Windows 8.1 x64 DPC Watchdog Violation Traced to LogMeIn Hamachi
(and why I now consider LogMeIn to have such grossly poor engineering effort to the point that I have decided to stop using any of their products both personally and professionally)
Background/ProblemIn mid November, 2013, I decided to build a new PC and install Windows 8.1 64 bit professional on it. Doing multiple updates at once, in this case new hardware and new OS, always poses a challenge as you never quite know what is to blame when something goes wrong. As Murphy's Law would have it, something went wrong in a very big way.
Within 48 hrs (typically within 24 hours), my machine would bug check (a/k/a blue screen of death) with a DPC Watchdog Violation. This started a 3-4 week hunt to identify the culprit(s).
The BugcheckA typical minidump file is provided here.
Here is the WhoCrashed explanation:
Crash dump file: C:\Windows\Minidump\112913-15875-01.dmp Date/time: 11/29/2013 5:32:54 AM GMT Uptime: 1 day, 15:45:51 Machine: WIN8 Bug check name: DPC_WATCHDOG_VIOLATION Bug check code: 0x133 Bug check parm 1: 0x0 Bug check parm 2: 0x501 Bug check parm 3: 0x500 Bug check parm 4: 0x0 Probably caused by: hal.dll Driver description: Hardware Abstraction Layer DLL Driver product: Microsoft® Windows® Operating System Driver company: Microsoft Corporation OS build: Built by: 9600.16422.amd64fre.winblue_gdr.131006-1505 Architecture: x64 (64 bit) CPU count: 8 Page size: 4096 Bug check description: The DPC watchdog detected a prolonged run time at an IRQL of DISPATCH_LEVEL or above.
with stack trace:
nt!KeBugCheckEx+0x0 nt! ?? ::FNODOBFM::`string'+0x13DDC nt!KiUpdateRunTime+0x57 nt!KiUpdateTime+0x63C nt!KeClockInterruptNotify+0x5C hal!HalpTimerClockInterrupt+0x4F nt!KiCallInterruptServiceRoutine+0xA3 nt!KiInterruptSubDispatchNoLockNoEtw+0xEA nt!KiInterruptDispatchLBControl+0x11F nt!KxWaitForLockOwnerShip+0x30 nt!IoAcquireCancelSpinLock+0x56 nt!IoStartPacket+0x47 USBSTOR!USBSTOR_Scsi+0x2A3 CLASSPNP!ClasspSendMediaStateIrp+0x110 CLASSPNP!ClasspTimerTick+0x65 nt!KiProcessExpiredTimerList+0x1D8 nt!KiExpireTimerTable+0x218 nt!KiTimerExpiration+0x148 nt!KiRetireDpcList+0x19C nt!KiIdleLoop+0x5A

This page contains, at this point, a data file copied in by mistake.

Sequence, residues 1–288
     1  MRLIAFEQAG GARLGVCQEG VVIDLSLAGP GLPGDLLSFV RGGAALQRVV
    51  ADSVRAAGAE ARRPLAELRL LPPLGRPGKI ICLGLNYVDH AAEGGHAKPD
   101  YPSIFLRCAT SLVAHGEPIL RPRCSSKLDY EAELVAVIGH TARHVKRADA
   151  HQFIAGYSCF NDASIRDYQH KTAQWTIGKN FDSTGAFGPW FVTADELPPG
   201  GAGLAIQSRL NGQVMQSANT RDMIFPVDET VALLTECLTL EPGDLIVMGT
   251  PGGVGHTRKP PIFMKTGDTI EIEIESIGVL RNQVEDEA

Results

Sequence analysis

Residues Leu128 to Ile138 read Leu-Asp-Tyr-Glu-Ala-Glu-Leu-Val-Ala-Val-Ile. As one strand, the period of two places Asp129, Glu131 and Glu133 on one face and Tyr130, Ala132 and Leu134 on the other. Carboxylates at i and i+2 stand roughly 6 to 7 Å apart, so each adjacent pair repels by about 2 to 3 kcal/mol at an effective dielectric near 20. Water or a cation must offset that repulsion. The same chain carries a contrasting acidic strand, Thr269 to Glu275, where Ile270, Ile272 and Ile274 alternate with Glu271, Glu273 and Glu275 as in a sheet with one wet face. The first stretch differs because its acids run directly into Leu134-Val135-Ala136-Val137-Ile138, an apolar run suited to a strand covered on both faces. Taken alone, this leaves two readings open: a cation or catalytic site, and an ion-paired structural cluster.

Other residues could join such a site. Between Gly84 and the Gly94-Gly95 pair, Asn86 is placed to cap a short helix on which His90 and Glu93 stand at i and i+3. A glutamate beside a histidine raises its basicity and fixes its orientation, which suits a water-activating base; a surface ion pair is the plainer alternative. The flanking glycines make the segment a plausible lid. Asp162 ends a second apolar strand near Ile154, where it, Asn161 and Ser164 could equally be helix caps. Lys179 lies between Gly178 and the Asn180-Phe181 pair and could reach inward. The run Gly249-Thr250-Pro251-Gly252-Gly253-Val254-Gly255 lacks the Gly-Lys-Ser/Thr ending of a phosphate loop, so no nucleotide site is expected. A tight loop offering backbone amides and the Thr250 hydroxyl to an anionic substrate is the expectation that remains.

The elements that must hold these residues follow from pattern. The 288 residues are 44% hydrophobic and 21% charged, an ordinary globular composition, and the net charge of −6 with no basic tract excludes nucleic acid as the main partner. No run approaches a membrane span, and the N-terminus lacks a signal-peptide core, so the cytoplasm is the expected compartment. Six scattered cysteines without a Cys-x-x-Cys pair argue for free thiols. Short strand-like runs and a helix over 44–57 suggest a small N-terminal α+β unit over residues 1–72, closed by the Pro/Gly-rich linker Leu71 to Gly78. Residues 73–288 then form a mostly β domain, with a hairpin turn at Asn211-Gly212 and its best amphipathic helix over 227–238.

I know that WhoCrashed isn't the most reliable -- but it's good enough to give at least the params. I am not a Windows developer, so I don't have a full debugger installed. If you look at the stacktrace in this particular example, it shows USBSTOR. A smoking gun? Not quite. Here is another minidump example where the stack trace is more innocuous:
nt!KeBugCheckEx+0x0 nt! ?? ::FNODOBFM::`string'+0x13DDC nt!KiUpdateRunTime+0x57 nt!KiUpdateTime+0x63C nt!KeClockInterruptNotify+0x5C hal!HalpTimerClockInterrupt+0x4F nt!KiCallInterruptServiceRoutine+0xA3 nt!KiInterruptSubDispatchNoLockNoEtw+0xEA nt!KiInterruptDispatchLBControl+0x11F nt!KxWaitForSpinLockAndAcquire+0x20 nt!KeAcquireSpinLockRaiseToDpc+0x32 netbt!TimerExpiry+0x1A nt!KiProcessExpiredTimerList+0x1D8 nt!KiExpireTimerTable+0x218 nt!KiTimerExpiration+0x148 nt!KiRetireDpcList+0x19C nt!KiIdleLoop+0x5A
So what exactly is a DPC Watchdog Violation? If you search Google, you will see that a LOT of people have run into it with Windows 8. The technical explanation is given by Microsoft here. In summary, it looks like some driver or drivers are taking too much time in processing DPCs. It also seems (though I have not been able to definitively confirm this) that the DPC Watchdog did not bugcheck prior to Windows 8 -- it would silently log a debug message in Windows 7. This would explain why the ultimate culprit (which as the title indicates, is LogMeIn Hamachi) may not have caused an issue under my prior Windows 7 installation.
Diagnostic ProcessI spent the next three weeks testing various combinations of drivers, hardware installed/removed, reinstalls of the OS, etc. This was a time consuming task of seeing what combinations can survive a 72 hr uptime acceptance criterion. After much troubleshooting, I identified two possible culprits: OpenHardwareMonitor (it has a kernel driver to read data) and LogMeIn Hamachi. The fishy thing was, neither software by itself would exhibit the DPC Watchdog Violation, but once both were added and used, the bugcheck would occur.